Panasonic Lumix G 20mm F1.7 II (H-H020A) - Banding

Started Aug 6, 2013 | Discussions thread
Anders W Forum Pro • Posts: 21,468
Re: Panasonic Lumix G 20mm F1.7 II (H-H020A) - Banding
1

s_grins wrote:

Anders W wrote:

s_grins wrote:

tsi wrote:

s_grins wrote:

Now, you try to blame flex fires. All lenses have these wires. Stop pouring apparent BS.

I never stated that it is the flex wires.

But it is not so easy to rule out the flex wires which carry the current drawn by the aperture motor and the focus motor. Flex wires come in different shielding quality. You can mess up with a wrong design, or if you try to save money and buy the cheap solution.

However, the voltage regulator on the PCB has been blamed before for causing the banding (Detail Man / Anders). In this sense the power draw of the aperture motor and of the focus motor requires voltage regulation, which results in banding. The different characteristics of the banding observed with only the aperture motor connected and with only the focus motor connected may be related to the difference of their power cycles.

Tsi, I'll try to be calm and polite.

Why do you think that voltage regulator is mounted inside the lens? I do not know, but I'd place it inside the camera motherboard/PCB - one for all lenses. I do not want to comment on aperture motor and all other details. I'm surprised how easy humans can accept somebody fantasies as the top of the truth.

I am sorry but I think have to be a bit impolite (although perfectly calm): I am surprised at how easy some humans, in this case you, can speak with confidence about things that they clearly have no idea at all about, and on top of that meet those who make patient efforts to explain with disparaging remarks.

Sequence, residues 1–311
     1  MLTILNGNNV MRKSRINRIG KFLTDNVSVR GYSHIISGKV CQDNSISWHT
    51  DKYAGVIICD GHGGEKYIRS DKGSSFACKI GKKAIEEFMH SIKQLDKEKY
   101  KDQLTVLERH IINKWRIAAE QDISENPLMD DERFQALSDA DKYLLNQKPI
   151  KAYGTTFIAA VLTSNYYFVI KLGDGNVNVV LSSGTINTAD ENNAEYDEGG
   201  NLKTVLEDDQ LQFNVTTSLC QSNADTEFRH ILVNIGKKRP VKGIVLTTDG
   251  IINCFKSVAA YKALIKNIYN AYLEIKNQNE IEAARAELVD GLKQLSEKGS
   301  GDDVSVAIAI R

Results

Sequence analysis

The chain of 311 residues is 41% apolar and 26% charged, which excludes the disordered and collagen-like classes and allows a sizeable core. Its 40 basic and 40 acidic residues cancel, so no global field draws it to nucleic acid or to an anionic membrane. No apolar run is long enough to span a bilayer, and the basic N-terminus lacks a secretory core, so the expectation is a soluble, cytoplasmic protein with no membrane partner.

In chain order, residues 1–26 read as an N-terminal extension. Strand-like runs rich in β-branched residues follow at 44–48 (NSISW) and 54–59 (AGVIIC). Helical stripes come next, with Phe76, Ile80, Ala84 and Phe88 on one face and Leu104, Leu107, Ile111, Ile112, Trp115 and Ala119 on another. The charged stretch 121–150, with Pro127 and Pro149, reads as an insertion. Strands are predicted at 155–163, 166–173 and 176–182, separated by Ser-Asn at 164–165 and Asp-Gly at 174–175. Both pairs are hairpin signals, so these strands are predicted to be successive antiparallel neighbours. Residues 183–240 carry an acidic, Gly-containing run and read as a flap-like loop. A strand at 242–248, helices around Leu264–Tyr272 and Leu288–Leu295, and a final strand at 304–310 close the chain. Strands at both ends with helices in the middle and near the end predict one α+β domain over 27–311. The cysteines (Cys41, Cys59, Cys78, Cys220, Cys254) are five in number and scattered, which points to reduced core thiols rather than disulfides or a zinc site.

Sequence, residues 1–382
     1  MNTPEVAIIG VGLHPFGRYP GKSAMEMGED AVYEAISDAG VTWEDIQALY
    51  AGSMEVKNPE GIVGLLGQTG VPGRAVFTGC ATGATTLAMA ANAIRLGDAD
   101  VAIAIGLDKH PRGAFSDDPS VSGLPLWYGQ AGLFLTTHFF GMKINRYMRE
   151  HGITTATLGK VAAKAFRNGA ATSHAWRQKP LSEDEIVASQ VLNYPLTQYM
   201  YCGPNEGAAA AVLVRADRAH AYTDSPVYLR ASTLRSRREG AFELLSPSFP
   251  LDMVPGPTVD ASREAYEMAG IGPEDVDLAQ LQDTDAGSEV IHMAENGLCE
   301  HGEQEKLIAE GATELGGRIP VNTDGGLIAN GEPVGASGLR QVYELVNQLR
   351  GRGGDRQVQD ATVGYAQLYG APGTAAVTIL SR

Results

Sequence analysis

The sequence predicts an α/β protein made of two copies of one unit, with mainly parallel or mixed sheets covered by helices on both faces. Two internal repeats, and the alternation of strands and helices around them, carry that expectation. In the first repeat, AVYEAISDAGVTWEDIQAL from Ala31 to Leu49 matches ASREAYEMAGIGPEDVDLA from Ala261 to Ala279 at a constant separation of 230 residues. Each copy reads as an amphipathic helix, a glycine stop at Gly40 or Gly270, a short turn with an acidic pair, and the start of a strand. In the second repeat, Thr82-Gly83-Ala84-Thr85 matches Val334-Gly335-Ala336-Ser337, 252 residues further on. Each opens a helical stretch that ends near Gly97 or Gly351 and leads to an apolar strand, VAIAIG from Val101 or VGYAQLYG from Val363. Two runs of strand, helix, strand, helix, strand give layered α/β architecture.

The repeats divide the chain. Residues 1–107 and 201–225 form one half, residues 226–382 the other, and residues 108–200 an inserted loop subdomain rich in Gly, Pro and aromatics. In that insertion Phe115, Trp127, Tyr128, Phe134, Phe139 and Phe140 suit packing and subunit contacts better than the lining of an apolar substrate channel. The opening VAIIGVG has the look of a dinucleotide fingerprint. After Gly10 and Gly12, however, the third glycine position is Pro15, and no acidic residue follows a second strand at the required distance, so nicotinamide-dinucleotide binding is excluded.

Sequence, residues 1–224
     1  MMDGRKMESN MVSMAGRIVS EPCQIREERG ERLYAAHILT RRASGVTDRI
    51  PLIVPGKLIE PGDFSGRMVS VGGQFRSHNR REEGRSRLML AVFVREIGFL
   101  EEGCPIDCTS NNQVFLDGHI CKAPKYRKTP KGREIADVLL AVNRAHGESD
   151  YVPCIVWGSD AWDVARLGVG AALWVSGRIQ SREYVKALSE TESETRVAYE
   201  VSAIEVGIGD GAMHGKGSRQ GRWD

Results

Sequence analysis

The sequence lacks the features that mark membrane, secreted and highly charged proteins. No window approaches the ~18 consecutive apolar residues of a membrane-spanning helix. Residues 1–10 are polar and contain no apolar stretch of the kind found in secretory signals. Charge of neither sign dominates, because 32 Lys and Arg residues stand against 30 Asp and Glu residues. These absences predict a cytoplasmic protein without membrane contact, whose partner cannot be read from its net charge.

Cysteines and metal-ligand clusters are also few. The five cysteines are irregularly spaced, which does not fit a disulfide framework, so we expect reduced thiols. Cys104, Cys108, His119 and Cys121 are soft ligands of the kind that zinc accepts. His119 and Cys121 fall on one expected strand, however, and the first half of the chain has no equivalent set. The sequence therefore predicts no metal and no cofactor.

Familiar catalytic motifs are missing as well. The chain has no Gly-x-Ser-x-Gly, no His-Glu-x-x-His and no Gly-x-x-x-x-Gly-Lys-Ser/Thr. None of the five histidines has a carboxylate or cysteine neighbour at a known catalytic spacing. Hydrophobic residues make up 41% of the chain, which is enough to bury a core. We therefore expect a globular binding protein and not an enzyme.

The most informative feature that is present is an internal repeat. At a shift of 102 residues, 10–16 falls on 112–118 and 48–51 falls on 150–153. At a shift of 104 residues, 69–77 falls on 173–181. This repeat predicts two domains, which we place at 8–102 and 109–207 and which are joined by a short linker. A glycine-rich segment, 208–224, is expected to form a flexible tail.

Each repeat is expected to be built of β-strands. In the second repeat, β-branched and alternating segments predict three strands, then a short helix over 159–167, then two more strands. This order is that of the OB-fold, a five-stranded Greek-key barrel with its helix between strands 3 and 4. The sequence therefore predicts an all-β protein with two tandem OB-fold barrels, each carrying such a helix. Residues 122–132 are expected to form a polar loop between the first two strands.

This particular matter has been discussed in considerable detail in the first of the two threads to which tsi linked in his OP. Here are the details after Roger Cicala had taken the trouble to dismantle the lens for us and photograph the PCB:

http://www.dpreview.com/forums/post/50155450

Why do think your discussions came to the right conclusions?

That the electric circuitry in the lens is indeed responsible has just been demonstrated by tsi. For the reasons why the voltage regulator on the PCB is a likely culprit, please read the thread I (and tsi) linked to. Noone has claimed that he/she knows for sure that it is this particular electric component in the lens that is responsible but that's the most likely alternative based on what we know about the symptoms. Again, for details, please read the prior thread.

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